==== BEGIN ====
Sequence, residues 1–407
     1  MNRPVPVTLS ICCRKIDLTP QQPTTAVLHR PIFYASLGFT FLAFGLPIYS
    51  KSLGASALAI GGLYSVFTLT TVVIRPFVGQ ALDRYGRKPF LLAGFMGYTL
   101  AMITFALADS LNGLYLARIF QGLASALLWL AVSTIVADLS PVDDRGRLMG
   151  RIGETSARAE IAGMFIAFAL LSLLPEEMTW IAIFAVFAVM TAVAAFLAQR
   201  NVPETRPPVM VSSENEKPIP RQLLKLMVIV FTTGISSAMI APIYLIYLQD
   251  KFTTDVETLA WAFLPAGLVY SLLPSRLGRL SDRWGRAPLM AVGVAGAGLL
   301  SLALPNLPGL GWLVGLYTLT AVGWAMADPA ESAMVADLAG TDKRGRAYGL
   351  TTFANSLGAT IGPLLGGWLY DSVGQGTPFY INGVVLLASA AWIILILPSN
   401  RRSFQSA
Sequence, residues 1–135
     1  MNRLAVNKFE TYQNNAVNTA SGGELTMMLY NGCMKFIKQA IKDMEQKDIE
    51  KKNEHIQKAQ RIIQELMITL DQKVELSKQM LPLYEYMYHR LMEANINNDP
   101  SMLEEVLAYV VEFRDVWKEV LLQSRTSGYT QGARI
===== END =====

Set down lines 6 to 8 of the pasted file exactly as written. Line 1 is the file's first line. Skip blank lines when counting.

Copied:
   201  NVPETRPPVM VSSENEKPIP RQLLKLMVIV FTTGISSAMI APIYLIYLQD
   251  KFTTDVETLA WAFLPAGLVY SLLPSRLGRL SDRWGRAPLM AVGVAGAGLL
   301  SLALPNLPGL GWLVGLYTLT AVGWAMADPA ESAMVADLAG TDKRGRAYGL